Posted on Nov 18, 2012 in

A Murmuration of Starlings is the second in a projected series of volumes that elegize the martyrs of the Civil Rights Movement.I inadvertently began this series in the course of composingMurder Ballads when poems about industrial accidents in Alabama’s steel industry lead me into the veins of the state’s racial history, through which I found my way to (or, more properly, back to) the stories of the Civil Rights Movement, particularly the gruesome murders of those whose names are inscribed on the Civil Rights Memorial in Montgomery, Alabama. After Murder Ballads was complete, I dedicated myself to extending into a series the poems for the Civil Rights Martyrs, and within about 18 months, I had a series of poems revolving around an exploration of the Emmitt Till murder trial and an exploration of the murder of Jimmie Lee Jackson. This series became A Murmuration of Starlings, now scheduled for publication by Southern Illinois University Press as part of the 2008 Crab Orchard Series in Poetry.
Poems from this book appear here:
What They Say

Jake Adam York’s new collection of poems, A Murmuration of Starlings, is a fierce, beautiful, necessary book. Fearless in their reckoning, these poems resurrect contested histories and show us that the past–with its troubled beauty, its erasures, and its violence–weighs upon us all. York’s words, like wings, rise from the ash of silence–a murmuration so that we don’t forget, so that no one disappears into history.
–Natasha Trethewey, Pulitzer-Prize winning author ofNative Guard


Through a ceremony of language and song, A Murmuration of Starlings consecrates and memorializes the souls, blood, and bones of those black men and women slaughtered on the altar of hate and violence during the Civil Rights era. With a lucid, shrewd intelligence and a commanding vision of healing and atonement, Jake Adam York makes an offering of images and music that seems the foundation of a new understanding and remembrance. These are poems that truly renew Southern history, its people, and the land. Even more, A Murmuration of Starlings is a joyful experience and fulfillment of American verse from one of its most important, young poets.
–Major Jackson, author of Leaving Saturn and Hoops


Jake Adam York waited. Then he waded out into these poems through what he knows of the past he’s inherited. His poems wait, too, til dusk then wade into shadows previously obscured by strobes of pitch black and bright white. Blank slate or overexposed. In A Murmuration of Starlings, we wade through crossed swords of flesh-toned moonlight in a forest. Each poem reaches out–as only poems can reach–and touches history on its shoulder. We may have thought we knew these stories. But, having been tapped by a homegrown kind of prodigal music–something double-edged, call it jazz–what turns to face us in these poems is turning toward us for the first time.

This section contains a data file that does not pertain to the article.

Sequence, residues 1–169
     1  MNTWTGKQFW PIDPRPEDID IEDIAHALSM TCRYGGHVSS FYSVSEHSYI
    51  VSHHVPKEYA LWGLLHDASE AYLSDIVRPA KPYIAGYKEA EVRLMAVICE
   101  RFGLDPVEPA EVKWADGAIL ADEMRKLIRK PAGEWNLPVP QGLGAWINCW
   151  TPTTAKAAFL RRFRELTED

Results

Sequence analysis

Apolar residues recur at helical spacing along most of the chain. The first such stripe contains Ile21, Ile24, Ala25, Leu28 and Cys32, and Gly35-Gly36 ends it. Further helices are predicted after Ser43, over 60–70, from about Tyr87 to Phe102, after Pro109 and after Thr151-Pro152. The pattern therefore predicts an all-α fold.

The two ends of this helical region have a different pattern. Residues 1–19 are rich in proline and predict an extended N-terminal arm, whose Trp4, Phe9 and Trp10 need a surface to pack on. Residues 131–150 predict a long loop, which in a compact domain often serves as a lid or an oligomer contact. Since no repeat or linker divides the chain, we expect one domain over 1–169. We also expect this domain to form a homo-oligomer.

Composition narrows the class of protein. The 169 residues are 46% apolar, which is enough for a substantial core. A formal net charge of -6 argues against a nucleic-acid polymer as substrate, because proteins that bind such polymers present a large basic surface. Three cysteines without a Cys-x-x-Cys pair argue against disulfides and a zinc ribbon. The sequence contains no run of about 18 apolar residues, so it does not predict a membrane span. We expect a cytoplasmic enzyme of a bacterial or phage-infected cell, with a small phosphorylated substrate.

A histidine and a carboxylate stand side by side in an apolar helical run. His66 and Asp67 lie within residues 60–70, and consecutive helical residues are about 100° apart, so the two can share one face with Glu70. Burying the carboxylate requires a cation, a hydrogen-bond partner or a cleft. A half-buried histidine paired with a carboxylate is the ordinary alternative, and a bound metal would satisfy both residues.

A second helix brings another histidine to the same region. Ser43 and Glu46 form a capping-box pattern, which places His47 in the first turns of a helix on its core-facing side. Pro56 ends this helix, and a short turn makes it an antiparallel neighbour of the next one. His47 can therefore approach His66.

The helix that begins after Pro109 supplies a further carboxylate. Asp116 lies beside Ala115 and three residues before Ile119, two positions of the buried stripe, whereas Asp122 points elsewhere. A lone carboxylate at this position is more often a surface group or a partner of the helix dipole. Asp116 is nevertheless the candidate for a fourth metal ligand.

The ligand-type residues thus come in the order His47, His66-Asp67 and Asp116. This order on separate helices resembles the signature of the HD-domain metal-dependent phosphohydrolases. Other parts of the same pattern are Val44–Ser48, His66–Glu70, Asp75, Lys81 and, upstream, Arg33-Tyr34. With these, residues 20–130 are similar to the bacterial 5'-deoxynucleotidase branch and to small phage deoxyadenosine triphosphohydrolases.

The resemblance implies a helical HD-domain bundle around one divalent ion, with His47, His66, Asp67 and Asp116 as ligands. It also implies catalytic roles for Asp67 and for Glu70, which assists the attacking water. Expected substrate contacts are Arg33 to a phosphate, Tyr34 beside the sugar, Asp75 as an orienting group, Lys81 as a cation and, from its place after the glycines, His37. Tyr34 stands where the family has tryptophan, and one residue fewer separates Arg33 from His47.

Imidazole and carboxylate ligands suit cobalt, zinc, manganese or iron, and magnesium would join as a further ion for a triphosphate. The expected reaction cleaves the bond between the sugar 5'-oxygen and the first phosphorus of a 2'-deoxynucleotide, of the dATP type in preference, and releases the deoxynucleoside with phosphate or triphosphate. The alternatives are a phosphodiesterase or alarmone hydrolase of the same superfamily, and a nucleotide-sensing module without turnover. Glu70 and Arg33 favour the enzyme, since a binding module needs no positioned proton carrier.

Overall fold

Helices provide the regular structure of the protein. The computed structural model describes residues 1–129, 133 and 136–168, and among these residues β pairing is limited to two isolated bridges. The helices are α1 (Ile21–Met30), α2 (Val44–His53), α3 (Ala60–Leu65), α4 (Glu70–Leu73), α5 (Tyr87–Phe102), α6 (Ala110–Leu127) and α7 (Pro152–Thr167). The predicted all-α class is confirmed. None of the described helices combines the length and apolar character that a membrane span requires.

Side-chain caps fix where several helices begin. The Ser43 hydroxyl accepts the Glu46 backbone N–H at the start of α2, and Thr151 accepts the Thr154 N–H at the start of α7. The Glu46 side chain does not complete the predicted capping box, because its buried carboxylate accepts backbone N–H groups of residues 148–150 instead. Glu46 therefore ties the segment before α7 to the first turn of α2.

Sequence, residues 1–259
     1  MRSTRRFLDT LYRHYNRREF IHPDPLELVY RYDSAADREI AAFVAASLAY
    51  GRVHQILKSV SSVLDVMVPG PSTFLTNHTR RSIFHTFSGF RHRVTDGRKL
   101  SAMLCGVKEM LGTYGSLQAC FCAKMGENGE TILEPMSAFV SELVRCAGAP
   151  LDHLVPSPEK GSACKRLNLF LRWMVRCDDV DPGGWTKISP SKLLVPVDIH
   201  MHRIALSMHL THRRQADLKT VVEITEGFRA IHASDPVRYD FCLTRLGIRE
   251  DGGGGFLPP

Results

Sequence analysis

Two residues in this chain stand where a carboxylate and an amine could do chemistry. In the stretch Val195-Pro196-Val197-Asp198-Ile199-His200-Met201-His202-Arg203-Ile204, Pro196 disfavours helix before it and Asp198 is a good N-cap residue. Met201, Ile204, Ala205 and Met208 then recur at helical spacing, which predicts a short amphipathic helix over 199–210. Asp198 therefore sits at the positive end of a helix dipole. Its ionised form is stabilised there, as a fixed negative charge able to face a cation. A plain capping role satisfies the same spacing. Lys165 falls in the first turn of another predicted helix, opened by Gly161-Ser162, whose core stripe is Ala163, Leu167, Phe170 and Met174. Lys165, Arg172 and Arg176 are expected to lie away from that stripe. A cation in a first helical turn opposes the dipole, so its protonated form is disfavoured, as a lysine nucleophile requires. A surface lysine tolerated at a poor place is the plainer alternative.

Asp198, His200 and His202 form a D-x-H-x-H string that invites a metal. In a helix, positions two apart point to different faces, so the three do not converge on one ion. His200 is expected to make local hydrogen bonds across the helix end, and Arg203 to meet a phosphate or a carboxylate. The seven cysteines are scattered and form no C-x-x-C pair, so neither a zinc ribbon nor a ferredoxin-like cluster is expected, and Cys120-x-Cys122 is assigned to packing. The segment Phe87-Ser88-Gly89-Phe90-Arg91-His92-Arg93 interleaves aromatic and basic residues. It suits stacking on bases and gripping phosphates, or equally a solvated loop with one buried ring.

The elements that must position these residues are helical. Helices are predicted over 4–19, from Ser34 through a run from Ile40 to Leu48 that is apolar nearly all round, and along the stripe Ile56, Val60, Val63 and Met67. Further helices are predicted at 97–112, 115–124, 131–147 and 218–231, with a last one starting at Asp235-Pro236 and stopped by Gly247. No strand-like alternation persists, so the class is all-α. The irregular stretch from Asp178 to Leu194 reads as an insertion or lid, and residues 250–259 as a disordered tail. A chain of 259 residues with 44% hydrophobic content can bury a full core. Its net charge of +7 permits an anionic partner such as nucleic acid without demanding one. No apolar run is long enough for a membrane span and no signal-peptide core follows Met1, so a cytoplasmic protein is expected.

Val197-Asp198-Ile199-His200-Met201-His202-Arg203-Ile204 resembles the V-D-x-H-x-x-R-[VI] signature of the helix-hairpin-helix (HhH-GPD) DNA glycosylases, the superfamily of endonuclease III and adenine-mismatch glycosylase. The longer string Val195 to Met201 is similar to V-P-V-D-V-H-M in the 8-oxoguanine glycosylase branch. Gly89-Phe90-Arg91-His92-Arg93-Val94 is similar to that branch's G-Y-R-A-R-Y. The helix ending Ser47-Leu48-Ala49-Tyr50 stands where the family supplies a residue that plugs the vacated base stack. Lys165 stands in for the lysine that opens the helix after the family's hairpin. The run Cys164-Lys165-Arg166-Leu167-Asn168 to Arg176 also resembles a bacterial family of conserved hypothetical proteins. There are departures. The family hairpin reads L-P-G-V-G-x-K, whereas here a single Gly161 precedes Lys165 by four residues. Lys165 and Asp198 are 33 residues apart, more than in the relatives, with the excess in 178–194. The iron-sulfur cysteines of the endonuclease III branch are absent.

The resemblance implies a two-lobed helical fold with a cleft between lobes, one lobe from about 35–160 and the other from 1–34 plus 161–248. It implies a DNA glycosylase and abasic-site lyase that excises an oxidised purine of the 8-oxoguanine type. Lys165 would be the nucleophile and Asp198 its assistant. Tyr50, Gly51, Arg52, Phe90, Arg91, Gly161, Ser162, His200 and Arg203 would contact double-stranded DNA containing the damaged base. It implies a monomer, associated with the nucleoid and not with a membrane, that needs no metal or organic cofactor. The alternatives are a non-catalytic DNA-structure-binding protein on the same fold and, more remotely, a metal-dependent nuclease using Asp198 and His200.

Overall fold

–Ed Pavlic, author of Labors Lost Left Unfinished andParaph of Bone and Other Kinds of Blue


A Murmuration of Starlings is a richly layered series of poems, rendering with immediacy the many sides of injustices that plague our human world. In light of the ever-present ongoing struggles of fear, misunderstanding, ignorance and conflict that fuel our human woes, these poems, although they address a specific time and place–the crucial sparks that ignited the Civil Rights Movement–, have resonance as they make a complicated history multi-dimensional, showing with compassion how ignorance and egotism borne of self-righteousness cultivate suffering. The book examines how a shift in consciousness can turn the tide of deeply held convictions. The reluctant martyrs and those who make them so by continuing to murmur their names not so much in anger and pain but insistent awareness can transform the landscape one heart and mind at a time, from fearful to joyful, propagating like starlings to “break the New World sleep, / …they’ll explode, / …they’ll plume, then pair, then spread / to double, a hundred, /  two million / in a century, maybe more, how they’ll swallow / all the country’s wandering songs / then speak their horrors from the eaves.”
–Cathy Song, author of Cloud Moving Hands and The Land of Bliss